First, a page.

What’s it been like for Roberson? Harden’s played 110 minutes this series to Roberson’s 111. They’ve been on the court together for all but 54 seconds.
With Roberson as the primary defender against him, Harden has shot 43 percent (13-of-30 overall, 4-of-12 3-pointers) compared to 55.6 percent on all other defenders or no defender (20-of-36).
“I feel like I’ve done a good job, but I feel like I can do better,” Roberson said Saturday. “It’s tough to completely take him out of the game.”
Roberson’s work this series is contrary to the box score. When the 24-year-old sits down with Thunder staff and sees Harden is averaging 38.7 points, he also takes into account the Rockets’ lead guard is averaging 14.6 points per game on free throws – more than every Thunder player combined (8.6) excluding Russell Westbrook (10.7).
Roberson feels like the job the Thunder has done trying to keep Harden out of the paint and off the free throw line will wear on the Rockets guard over seven games. OKC has to get there first.
“We’re still figuring it out, not reaching, keeping our hands out of there,” Roberson said. “We don’t feel like he can do it for all seven games. If he does, pat him on the butt and move on.”
Roberson can’t find comfort in Harden’s gaudy numbers, so he has to look to key sequences. In Game 1, Harden gave Roberson a vicious crossover that had the Toyota Center crowd standing mid-play. But as Harden drove left, Roberson recovered quickly for a blocked shot that was equally as impressive.
By design, Roberson is on what Donovan describes as an “island” against Harden more than any other Thunder player. It’s a situation Taj Gibson found himself in more in Game 3.
But that was for less than a handful of possessions. Gibson marvels at what it’s been like for Roberson to guard Harden nearly two hours over the last week.
“It’s tough to be locked up with one player the entire game, but it’s even tougher when that one player has the freedom to do whatever he wants, take whatever shot he wants,” Gibson said. “(Harden) can go iso 110 times, and he’s never really tired.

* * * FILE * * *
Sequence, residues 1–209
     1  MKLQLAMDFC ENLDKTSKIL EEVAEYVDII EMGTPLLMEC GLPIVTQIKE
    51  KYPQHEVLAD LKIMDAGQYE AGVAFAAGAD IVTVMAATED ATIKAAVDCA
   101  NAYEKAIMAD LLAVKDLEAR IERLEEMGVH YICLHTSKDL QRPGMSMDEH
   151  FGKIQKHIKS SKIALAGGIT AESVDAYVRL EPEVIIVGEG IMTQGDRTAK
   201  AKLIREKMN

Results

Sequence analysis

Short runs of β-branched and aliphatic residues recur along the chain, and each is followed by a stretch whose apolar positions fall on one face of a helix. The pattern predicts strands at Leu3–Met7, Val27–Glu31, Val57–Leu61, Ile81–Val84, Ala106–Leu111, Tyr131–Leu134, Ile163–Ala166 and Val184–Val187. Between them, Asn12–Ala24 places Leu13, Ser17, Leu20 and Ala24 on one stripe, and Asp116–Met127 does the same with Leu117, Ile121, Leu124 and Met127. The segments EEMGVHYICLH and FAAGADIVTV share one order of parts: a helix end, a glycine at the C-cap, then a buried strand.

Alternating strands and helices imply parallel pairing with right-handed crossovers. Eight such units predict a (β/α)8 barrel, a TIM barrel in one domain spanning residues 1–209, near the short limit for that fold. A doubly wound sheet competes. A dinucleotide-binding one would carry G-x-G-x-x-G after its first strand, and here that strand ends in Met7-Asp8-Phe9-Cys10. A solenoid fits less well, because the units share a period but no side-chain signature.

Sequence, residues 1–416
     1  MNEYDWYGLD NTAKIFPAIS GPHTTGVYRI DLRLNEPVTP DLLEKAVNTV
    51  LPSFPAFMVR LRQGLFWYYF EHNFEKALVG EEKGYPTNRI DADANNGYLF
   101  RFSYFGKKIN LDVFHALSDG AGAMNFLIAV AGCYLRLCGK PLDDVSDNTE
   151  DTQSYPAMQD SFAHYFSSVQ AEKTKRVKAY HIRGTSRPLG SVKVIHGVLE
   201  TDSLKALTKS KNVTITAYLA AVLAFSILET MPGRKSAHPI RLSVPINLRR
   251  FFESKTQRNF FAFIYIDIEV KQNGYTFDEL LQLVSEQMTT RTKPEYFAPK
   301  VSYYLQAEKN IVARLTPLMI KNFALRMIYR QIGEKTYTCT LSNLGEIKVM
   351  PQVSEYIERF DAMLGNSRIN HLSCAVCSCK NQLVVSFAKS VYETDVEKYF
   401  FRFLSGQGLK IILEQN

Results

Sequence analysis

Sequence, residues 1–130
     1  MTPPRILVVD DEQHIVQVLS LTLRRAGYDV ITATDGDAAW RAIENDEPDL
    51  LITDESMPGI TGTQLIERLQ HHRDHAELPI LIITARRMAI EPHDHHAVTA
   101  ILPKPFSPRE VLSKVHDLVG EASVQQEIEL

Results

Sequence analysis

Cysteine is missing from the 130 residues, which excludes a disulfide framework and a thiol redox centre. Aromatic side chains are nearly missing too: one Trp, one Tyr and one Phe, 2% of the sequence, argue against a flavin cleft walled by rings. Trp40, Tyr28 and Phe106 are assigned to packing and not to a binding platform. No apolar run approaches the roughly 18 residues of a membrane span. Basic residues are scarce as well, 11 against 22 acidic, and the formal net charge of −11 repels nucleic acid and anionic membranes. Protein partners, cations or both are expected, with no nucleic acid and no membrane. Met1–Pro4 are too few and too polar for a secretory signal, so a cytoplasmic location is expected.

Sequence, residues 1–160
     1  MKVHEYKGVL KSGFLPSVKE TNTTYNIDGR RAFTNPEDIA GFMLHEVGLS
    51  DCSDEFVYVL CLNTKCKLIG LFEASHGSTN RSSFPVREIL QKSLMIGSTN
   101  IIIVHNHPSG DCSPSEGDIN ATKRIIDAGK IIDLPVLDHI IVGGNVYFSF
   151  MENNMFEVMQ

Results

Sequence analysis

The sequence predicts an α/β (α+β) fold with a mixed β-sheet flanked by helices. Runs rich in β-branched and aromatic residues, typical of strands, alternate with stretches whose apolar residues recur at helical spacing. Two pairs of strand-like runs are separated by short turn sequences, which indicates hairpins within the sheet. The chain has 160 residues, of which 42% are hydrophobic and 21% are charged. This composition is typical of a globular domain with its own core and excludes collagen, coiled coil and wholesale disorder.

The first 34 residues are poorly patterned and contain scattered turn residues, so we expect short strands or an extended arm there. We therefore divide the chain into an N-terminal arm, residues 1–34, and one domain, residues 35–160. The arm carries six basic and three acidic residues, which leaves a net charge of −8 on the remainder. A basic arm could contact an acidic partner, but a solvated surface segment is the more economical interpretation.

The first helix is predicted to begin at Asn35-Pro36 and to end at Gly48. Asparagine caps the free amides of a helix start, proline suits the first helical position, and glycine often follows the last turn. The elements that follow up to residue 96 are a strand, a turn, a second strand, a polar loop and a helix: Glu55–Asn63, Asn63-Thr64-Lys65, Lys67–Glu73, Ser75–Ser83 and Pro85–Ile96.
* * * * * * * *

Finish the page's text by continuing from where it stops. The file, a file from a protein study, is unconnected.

“It’s frustrating sometimes being a defensive player doing that. Andre understands that’s his role and he does it well.”
When Roberson was young, his father, John – who played professionally in Europe for 12 years – knew a lot of players didn’t specialize in the nuances of defending. He saw that innate ability in Andre and took it upon himself to teach his son how to defend. “He has a nose for the ball,” said John, who also stands 6-foot-7.
“I’d like to see him get a little more ferocious.”
Roberson has picked up his aggressiveness this series, cutting more to the basket on offense, leading the Thunder in blocked shots (nine), and often snatching the ball from Harden outright in those isolation situations. Roberson is averaging 14 points, 7.3 rebounds, two steals and three blocks per game, an uptick in postseason production similar to the one that Steven Adams parlayed into a $100 million payday last season.
Roberson’s not in line for a nine-figure contract, but he’s playing elite defense against a nine-figure player with not a minute to be spared.
Heard of 48 minutes of hell? How about trying 38 minutes of Harden? Welcome to the Roberson experience.
“He’s got a lot of endurance,” Thunder forward Doug McDermott said, shaking his head while talking about Roberson. “It definitely makes you tired just from watching him on film and from the bench.
“That guy, he’s gotta sleep well at night.”